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Toronto’s Little Shop Of Horrors: A Cultural Criminology Examination On Serial Killer Bruce McArthur And The News Media

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posted on 07.12.2021, 16:30 by Emma Margaret Smith
Contributing to the dynamic and interdisciplinary field of cultural criminology, this project works to emphasize the destructive, modern forces of consumerism and violence within Toronto’s crime-news industry. The paper fuses the canonical and emerging methodologies of content analysis, discourse analysis, and liquid ethnography, to evaluate the framing and editing techniques used to relay the story of Bruce McArthur’s predations in The Village (over the 2018 news year). A sample of 365 articles, retrieved from five print media sources, are methodically examined to understand both the local and national agenda-setting strategies of contemporary journalism. Actively contributing to the transformation of human suffering and violence into mass-market pleasure, a carnival of crime model (Presdee, 2000) serves as a primary lens for evaluating the hyper-sensationalized reporting styles of modern news makers. Weaving theoretical contributions from the fields of sociology and media studies, the embeddedness of heteronormative, racialized, and ethnocentric tropes common to the news and crime-infotainment industries is also critically evaluated towards raising greater political and social accountability. Crime-centric podcasts are further identified as a leading technological medium for fueling public obsessions with murder and transgressions. Formed by enthusiastic hobbyists and motivated journalists, the producers of podcasting content hastily straddle the realms of entertainment and information sharing. As such, this research calls for immediate awareness and tending to the neoliberal symptoms of boredom and fear existing in our modern world, building on Stanley Cohen’s (1972) moral panic theory.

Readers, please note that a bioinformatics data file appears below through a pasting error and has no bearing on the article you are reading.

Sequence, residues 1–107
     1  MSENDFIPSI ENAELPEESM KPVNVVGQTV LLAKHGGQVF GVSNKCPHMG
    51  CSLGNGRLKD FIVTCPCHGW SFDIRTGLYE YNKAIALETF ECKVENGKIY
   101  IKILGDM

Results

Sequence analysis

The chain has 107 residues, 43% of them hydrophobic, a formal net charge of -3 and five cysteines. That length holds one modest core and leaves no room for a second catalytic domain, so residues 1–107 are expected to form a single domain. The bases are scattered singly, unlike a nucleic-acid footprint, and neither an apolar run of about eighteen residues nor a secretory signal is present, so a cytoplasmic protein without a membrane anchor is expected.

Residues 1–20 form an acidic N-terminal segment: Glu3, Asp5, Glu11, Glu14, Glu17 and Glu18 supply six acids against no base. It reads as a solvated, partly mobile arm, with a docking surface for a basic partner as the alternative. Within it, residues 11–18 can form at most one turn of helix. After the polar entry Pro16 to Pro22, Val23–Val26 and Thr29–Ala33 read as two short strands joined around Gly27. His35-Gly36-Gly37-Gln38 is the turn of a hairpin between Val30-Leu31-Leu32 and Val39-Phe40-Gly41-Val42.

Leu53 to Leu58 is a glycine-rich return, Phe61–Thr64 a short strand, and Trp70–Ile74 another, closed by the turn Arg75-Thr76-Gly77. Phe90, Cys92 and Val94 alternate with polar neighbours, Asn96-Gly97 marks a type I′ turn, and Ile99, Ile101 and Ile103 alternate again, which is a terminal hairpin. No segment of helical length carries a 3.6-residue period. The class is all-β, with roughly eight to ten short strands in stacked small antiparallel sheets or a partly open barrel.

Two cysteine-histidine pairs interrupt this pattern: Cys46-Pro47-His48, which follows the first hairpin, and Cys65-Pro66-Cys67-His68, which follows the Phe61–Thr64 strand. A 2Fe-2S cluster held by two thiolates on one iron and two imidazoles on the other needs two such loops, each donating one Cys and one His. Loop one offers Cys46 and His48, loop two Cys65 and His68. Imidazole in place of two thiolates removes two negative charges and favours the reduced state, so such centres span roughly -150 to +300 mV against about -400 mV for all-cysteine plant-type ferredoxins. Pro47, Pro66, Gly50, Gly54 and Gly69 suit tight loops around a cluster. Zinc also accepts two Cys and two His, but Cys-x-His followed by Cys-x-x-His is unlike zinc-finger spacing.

Keywords: cultural criminology, serial killer, news media, crime infotainment, McArthur

History

Language

English

Degree

Doctor of Philosophy

Program

Communication and Culture

Granting Institution

Ryerson University

LAC Thesis Type

Dissertation

Thesis Advisor

Stephen Muzzatti